November is coming. Whether you plan your NaNo-novels in advance, or you like to fly by the seat of your pants, or this is your first time participating in NaNoWriMo and you don’t know which way to go, this page is for you. We’ve amassed resources of all kinds from around NaNoLand to help you prep your novel—and your life—for the marathon writing ahead. Stay tuned for our NaNoPrep Day on October 17. Wrimos will share their favorite prep tip on Twitter with the hashtag #nanoprep!
Guides and Workbooks
No Plot? No Problem!: A Low-Stress, High-Velocity Guide to Writing a Novel in 30 Days
The seminal guide to NaNoWriMo by NaNoWriMo founder Chris Baty.
Ready, Set, Novel: Plan and Plot Your Upcoming Novel
A workbook by NaNoWriMo veterans Tavia Stewart-Streit, Lindsey Grant, and Chris Baty.
Young Writers Program Workbooks
Amazing (and 100% non-lame) exercises for kids, teens, and adults!
Learn about your fellow Wrimos’ writing traditions and establish your own.
Figure out the mood of your novel.
Summarize your novel using comp titles!
Flesh our your characters’ personalities.
Get to know your character in 30 questions.
Pack your NaNo Survival Kit.
More Inspirational Site Resources
Peruse the special offers on planning and plotting software available from our sponsors!
Read up on five years’ worth of writerly advice from published authors and staff.
And stay tuned throughout November for this year’s line-up of all-star inspiration!
Still unsure about participating? See why others have!
How Your Fellow Wrimos Prepare for November
Participants’ pre-NaNo rituals vary widely, offering helpful ideas for how Wrimos can prepare their homes, their families, and their psyches for the November Noveling marathon to come.
“I get my notebook for my NaNo story all set up. I sort of ‘scrapbook’ the cover with inspiring pictures that reflect the story, then start outlining inside the notebook and writing character bios. My notebooks are works in progress and are fun to look back on when Nano is over.”
“My pre-noveling routine comes down to organizing my home, really getting in to self-care/relax mode, making sure everyone knows I’ve got things I need to do (like write every day!) and just picture a finished novel and calm writing time!”
“I usually prepare 6 or 7 huge meals in the freezer, homemade Mac and Cheese (Martha Stewart Mac and Cheese 101!), lasagna, stews, etc., clean the house, and make sure every bit of laundry is done, so I can fall behind in November”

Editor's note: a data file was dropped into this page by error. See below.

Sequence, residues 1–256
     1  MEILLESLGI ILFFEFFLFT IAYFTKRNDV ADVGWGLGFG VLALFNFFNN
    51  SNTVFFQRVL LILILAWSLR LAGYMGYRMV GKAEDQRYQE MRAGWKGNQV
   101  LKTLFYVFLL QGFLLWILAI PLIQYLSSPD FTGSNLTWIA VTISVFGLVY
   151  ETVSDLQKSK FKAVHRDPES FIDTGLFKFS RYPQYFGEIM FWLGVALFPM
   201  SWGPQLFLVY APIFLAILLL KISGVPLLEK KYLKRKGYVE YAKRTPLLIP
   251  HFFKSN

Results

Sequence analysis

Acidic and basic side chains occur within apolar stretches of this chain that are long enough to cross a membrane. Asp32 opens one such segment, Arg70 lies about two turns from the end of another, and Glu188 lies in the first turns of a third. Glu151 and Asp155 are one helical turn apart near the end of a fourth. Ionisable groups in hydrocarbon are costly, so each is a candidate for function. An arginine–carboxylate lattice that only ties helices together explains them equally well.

“I like to outline in such a way that I end up with 30 sections (one per day) that are intended to be 2000 words each (so I have at least 60 000 words by the end of the month). (Those 30 sections are divided into chapters or, like this year, into a three act structure.)”
“I read and re-read books that I think will help spark ideas or inspire me for November. Usually I try to keep them within the genre or mood of whatever novel I plan to write (else I run the risk of having a favorite fantasy novel hijack my epic sci-fi plans). I name characters, try to figure out how the story will end or at least a middle point to shoot for, and get as familiar with my protagonists as possible. Then I do a bunch of writing and (as much as possible) get in the habit of writing a ton, lest I come upon NaNo unprepared. Finally, I drink a LOT of tea.”
“I like to do a brief read-through of No Plot? No Problem! and start keeping lists: character names, novel titles, snacks to buy, things like that.”
“I clip pictures out of magazines and pin them to black poster board: heroine, hero, likely locations they would go, house she/he might live in, bedroom they sleep in. I write small scenes on post-its on the pictures.”
More Pre-NaNo Preparatory Projects
Set up your writing nook! Is your writing area comfortable? Is it well lit? Do you have inspirational writerly incentives close at hand? See how these authors have configured their creative caves.
Do away with your Inner Editor. Symbolically disposing of your inner self-doubt and demons does wonders for your confidence. Find (or make) a representation of your Inner Editor (like Lindsey’s shark), and then find a secure place to store it so it can’t disturb your writing in November!
Start your daily writing practice. Writing every day can feel weird at first, and poses a scheduling challenge for many. Get in the habit of carving out time every day to write some micro-fiction (or anything that comes to mind!). You can find great prompts at any one of these sites:
Writerly Advice on the OLL Blog
Write or Die: An Experiment
The Mechanics of Language, or How I Stopped Worrying and Learned to Love the Fragment
What Doctor Who Taught Me About Inspiration
Conversations With your Novel
Why Do You Write?
When is a Writer a Writer?
Tool for the Tentative Writer
And So It Begins
Inside the Mind of a Planner
The Most Important Noveling Tools Ever
The Great Debate: Are You a Planner or a Pantser
Pantser? Planner? Percolator?
Pre-NaNo Go Time
Our final suggestions for your Pre-NaNo preparation?
Donate! Winner and donor stats show that year after year, participants who donate to NaNoWriMo are more likely to reach their 50,000 word goal and emerge from November a winner.
Let the countdown to November 1 continue! We’ll see you at the starting line to get this novel-writing marathon started.